£1.5bn Hammersfield scheme hits a planning road block

CROYDON COMMENTARY: So, the centre of town has a traffic congestion problem. Who knew?

One of Westfield's early "visualisations" of its scheme for Croydon. Funny how the roads are highlighted...

One of Westfield’s early “visualisations” of its scheme for Croydon. Funny how the roads are highlighted…

Could last week’s announcement of the delay in Hammersfield delivering the  planning application for its proposed £1.5 billion shopping mall be the start of more planning blight for Croydon?

Or worse, might it leave us with another “Wastefield” as suffered in Bradford?

DAVID CALLAM looks at the all-too-familiar  issues

Much of the clamour around the re-development of Croydon town centre so far has been a case of jam tomorrow, but last week’s announcement of a three-month delay in submitting detailed planning application by the “Croydon Partnership” was out of fear of jams tomorrow.

If the Australian developer Westfield delivers on its promises with its partner, Hammerson, one day Croydon could be the home of the largest of Greater London’s 21st century shopping malls, completing a consumer triangle with Westfield’s other schemes at “Stratford City” and White City.

That’s the theory. The practice may need a little more work.

Stratford and White City are surrounded by four-lane dual carriageways connected directly to motorway-standard roads – the A12 and Westway.

Central Croydon is not attached to anything: its inner ring road, our very own Magic Roundabout, has never been completed and therefore feeds into roads that are not wide enough to take the present weight of traffic, let alone what might be generated by a successful town centre with a carefully managed PR image.

Stratford and White City both have integrated car parks with capacities of 5,000 and 4,500 respectively. Croydon can easily handle such numbers, but only by including spaces further afield.

Adjacent car parks at Allders (583), Centrale (950) and the Whitgift Centre (1,059) have barely half the parking capacity enjoyed by either of the existing Westfield-owned centres in London.

It is debatable whether developers will want to rely on car parks at Dingwall Road (664), Fairfield (1,371), Surrey Street (685) or Wandle Road (1,021). They are too far away from the Hammersfield centre, allowing potential shoppers to stray.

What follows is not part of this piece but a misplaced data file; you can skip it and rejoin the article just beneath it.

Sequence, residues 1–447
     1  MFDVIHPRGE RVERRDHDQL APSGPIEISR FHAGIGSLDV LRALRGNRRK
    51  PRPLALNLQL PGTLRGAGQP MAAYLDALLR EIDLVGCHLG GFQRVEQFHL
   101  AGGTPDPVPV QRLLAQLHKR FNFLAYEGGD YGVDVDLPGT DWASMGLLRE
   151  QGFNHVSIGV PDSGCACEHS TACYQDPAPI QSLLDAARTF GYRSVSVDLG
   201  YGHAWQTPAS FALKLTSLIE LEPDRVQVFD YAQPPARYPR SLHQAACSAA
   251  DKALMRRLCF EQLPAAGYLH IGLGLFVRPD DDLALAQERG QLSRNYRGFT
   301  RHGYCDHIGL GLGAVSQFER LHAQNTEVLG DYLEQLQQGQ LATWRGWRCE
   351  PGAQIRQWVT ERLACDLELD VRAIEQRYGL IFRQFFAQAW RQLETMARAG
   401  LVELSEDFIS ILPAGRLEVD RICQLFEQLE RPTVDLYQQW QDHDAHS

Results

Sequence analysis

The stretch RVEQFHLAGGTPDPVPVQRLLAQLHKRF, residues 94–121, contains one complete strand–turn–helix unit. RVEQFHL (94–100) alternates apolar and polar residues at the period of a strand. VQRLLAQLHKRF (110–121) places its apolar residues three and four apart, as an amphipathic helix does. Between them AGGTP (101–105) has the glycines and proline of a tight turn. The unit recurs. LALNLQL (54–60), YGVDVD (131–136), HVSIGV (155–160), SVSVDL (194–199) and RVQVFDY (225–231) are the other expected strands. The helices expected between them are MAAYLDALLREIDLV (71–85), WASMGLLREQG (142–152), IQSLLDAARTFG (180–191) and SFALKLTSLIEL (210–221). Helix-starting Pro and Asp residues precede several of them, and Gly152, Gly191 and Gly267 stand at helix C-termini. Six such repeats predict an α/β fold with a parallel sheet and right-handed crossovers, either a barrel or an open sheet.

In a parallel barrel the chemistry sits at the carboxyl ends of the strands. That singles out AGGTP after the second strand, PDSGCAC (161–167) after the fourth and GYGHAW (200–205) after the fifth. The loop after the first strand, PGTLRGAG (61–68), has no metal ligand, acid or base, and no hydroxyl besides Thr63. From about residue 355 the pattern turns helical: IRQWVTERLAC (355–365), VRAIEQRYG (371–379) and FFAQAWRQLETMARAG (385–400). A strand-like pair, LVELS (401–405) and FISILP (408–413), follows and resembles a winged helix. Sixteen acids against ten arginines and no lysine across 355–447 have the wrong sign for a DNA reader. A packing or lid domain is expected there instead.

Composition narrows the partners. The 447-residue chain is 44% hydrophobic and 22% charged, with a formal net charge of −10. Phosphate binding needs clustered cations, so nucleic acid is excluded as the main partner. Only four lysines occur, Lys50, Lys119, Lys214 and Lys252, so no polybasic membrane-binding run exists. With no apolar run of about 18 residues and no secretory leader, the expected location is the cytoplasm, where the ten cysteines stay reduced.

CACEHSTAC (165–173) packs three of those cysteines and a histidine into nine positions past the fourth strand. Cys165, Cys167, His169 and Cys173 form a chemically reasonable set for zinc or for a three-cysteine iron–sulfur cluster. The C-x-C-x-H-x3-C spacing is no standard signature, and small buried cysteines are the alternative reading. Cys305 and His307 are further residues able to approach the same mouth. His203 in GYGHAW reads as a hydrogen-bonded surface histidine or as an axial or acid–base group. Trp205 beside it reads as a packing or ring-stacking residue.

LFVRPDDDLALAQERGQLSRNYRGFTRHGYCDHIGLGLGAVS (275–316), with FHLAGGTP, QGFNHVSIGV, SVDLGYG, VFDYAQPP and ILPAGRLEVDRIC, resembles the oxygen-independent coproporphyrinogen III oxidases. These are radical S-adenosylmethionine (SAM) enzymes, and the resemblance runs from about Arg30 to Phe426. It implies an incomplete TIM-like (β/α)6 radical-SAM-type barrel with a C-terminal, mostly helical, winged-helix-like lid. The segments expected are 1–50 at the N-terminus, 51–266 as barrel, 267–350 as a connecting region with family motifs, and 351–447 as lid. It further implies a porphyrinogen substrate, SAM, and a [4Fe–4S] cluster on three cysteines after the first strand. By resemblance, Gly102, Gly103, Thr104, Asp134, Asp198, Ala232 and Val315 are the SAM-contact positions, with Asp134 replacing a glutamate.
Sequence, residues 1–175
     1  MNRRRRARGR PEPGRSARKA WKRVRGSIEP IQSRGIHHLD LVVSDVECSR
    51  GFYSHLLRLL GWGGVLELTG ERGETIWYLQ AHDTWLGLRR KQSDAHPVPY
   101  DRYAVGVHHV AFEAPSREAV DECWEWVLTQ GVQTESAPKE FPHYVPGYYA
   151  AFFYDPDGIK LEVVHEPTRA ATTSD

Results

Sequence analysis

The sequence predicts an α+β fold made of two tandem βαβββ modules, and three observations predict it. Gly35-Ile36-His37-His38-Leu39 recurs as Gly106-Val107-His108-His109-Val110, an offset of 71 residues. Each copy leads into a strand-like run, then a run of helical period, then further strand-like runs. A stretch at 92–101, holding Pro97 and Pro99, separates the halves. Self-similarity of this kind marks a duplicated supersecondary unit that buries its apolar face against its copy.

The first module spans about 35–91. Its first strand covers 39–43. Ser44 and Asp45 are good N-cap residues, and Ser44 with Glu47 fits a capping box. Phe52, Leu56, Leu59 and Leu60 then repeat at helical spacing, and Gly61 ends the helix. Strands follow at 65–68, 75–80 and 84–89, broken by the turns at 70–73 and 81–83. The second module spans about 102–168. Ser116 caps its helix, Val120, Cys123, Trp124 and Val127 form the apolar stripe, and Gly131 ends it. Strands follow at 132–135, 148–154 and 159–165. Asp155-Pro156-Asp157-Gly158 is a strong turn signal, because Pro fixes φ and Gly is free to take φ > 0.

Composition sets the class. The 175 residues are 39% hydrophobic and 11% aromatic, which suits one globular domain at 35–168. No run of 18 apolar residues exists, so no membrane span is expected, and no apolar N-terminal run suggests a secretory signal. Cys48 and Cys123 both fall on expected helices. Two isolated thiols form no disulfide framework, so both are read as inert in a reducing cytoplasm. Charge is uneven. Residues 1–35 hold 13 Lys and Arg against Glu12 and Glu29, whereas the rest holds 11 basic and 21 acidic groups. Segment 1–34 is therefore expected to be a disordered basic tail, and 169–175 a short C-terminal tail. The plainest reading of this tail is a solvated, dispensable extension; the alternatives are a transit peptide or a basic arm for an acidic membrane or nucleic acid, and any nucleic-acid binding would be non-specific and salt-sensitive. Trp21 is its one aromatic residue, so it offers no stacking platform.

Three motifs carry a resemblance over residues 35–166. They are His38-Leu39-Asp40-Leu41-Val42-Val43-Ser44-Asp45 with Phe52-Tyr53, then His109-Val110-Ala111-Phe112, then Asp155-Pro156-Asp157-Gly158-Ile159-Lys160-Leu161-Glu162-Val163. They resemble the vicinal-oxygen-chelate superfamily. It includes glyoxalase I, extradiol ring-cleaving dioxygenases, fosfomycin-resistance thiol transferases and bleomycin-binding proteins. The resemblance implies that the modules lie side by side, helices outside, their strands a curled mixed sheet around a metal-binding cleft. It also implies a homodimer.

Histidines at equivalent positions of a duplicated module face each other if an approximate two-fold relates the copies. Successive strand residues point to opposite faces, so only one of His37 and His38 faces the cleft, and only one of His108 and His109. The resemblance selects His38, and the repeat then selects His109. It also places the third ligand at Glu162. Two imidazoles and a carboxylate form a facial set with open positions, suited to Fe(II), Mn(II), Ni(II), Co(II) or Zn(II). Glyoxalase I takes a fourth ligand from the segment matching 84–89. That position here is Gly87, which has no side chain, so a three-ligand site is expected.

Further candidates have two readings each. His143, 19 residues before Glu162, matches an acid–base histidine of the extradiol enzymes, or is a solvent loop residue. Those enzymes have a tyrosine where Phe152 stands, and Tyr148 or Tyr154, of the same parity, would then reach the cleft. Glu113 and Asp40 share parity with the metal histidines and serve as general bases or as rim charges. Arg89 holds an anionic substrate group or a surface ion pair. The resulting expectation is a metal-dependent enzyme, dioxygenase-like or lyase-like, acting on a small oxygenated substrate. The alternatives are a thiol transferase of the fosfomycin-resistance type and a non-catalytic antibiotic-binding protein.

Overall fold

No doubt the developers can incorporate extra places into the new design.

Croydon City, if that’s what we learn to call it, will need to be linked to the A22 and A23 by a road with the capacity to cope with the traffic the shopping mall generates. That will mean at least two lanes in either direction with flyovers and underpasses to keep the traffic moving.

There are persistent rumours that Hammersfield is ready to invest in junction upgrades at Fiveways and Purley Cross. That would be helpful, but not enough.

I remember the opening of Ikea in Valley Park. Aerial pictures showed congestion stretching back to the M23. The grossly inadequate Purley Way and many of the roads around it were stationary, traffic had ground to a dead halt.

It may not be that bad every day, but there will be regular congestion of that order throughout the year, unless we do something to prevent it.

Westfield's most recently completed London mall, at Startford, is surrounded by motorway-standard roads

Westfield’s most recently completed London mall, at Stratford, is surrounded by motorway-standard roads

I’m a strong advocate of park ‘n’ ride and I think we could make good use of the train (north/south) and the tram (east/west), but I can’t see the developers investing £1 billion – or is it £1.5 billion? When Boris mentioned Croydon last month, the “boast” investment figure had crept up to £1.6 billion – on the vague promise and hope that public transport will take the strain.

The car is the main means of travel to and from the shops and is likely to remain so for the foreseeable future, so we must find ways to cope with the added volume, because developers are unlikely to accept our inadequate road network, or even a tarted up version of it, as a satisfactory solution.